Duke's film roles in the 1980s included the Canadian film By Design (1981), which garnered her a Genie Award nomination for Best Foreign Actress, and the made-for-TV movie A Time to Triumph (1986), the true story of Concetta Hassan, a woman who struggles to support her family after her husband is injured but who eventually becomes a United States Army helicopter pilot. In 1990, Duke's autobiography, Call Me Anna, was adapted for television she played herself from her mid thirties onward. In 1992, Duke portrayed the mother of Meg Ryan's character in the film adaptation of the play Prelude to a Kiss. Duke received an Emmy nomination in 1999 for her appearances in three episodes of Touched by an Angel.
In 1985, Duke became the second woman, after Kathleen Nolan, to be elected president of the Screen Actors Guild, a post she held until 1988.  Her tenure as president was marked by factional in-fighting and controversy however, she gained respect for managing to maintain solidarity among the guild's members.  During her term, she led industrial actions and contract negotiations and oversaw the relocation of the guild's headquarters.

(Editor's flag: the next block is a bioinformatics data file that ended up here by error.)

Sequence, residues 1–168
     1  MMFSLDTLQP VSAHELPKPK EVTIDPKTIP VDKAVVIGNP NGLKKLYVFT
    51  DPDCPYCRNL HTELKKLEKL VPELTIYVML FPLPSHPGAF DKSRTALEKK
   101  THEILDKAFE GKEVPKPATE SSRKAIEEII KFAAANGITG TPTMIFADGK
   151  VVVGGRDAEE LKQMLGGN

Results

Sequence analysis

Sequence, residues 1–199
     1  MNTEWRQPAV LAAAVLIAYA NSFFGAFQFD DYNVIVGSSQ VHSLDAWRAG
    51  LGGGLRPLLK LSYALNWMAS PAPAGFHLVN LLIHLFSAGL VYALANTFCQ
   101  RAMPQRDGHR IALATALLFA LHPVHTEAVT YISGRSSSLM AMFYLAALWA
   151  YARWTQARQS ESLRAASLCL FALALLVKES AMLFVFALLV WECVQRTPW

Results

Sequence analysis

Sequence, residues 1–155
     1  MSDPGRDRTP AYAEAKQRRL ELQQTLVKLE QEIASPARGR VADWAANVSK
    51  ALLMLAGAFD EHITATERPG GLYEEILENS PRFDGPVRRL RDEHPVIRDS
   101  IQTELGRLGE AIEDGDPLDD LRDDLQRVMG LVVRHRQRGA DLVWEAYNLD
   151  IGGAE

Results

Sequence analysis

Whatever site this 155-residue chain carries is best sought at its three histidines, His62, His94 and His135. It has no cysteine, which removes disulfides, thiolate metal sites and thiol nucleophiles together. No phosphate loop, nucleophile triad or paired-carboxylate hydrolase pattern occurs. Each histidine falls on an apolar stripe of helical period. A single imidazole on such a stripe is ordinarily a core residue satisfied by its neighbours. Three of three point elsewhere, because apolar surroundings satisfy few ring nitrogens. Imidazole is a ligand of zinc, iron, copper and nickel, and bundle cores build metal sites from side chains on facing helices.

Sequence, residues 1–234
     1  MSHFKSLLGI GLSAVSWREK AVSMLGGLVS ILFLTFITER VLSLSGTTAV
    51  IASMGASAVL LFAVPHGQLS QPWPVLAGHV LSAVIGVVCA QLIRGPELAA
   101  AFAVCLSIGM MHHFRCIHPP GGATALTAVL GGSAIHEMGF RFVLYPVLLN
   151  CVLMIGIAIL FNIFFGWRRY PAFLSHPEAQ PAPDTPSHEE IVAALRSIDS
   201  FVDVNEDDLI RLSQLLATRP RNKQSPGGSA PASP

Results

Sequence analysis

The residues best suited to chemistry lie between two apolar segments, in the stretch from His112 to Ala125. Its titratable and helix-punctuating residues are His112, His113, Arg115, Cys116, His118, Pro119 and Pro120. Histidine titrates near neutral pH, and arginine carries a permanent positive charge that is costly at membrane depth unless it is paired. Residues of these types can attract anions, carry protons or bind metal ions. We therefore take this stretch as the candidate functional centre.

Later years Edit
Duke gradually reduced her work schedule in the 2000s but took occasional TV roles, including guest appearances on shows such as Glee  and the reboot of Hawaii Five-0. In 2011, she joined the cast of the drama The Protector.  She also returned to the stage on occasion — in 2002 as Aunt Eller in a revival of Oklahoma! on Broadway  and in 2009 as Madame Morrible in the San Francisco production of the musical Wicked.  In May 2011, Duke directed the stage version of The Miracle Worker at the now defunct Interplayers Theater in Spokane, Washington.  In 2010, she hosted a PBS TV special “When Irish Eyes Are Smiling: An Irish Parade Of Stars”. The special was part of the My Music series, and featured Irish and Irish-American folk music and sentimental standards.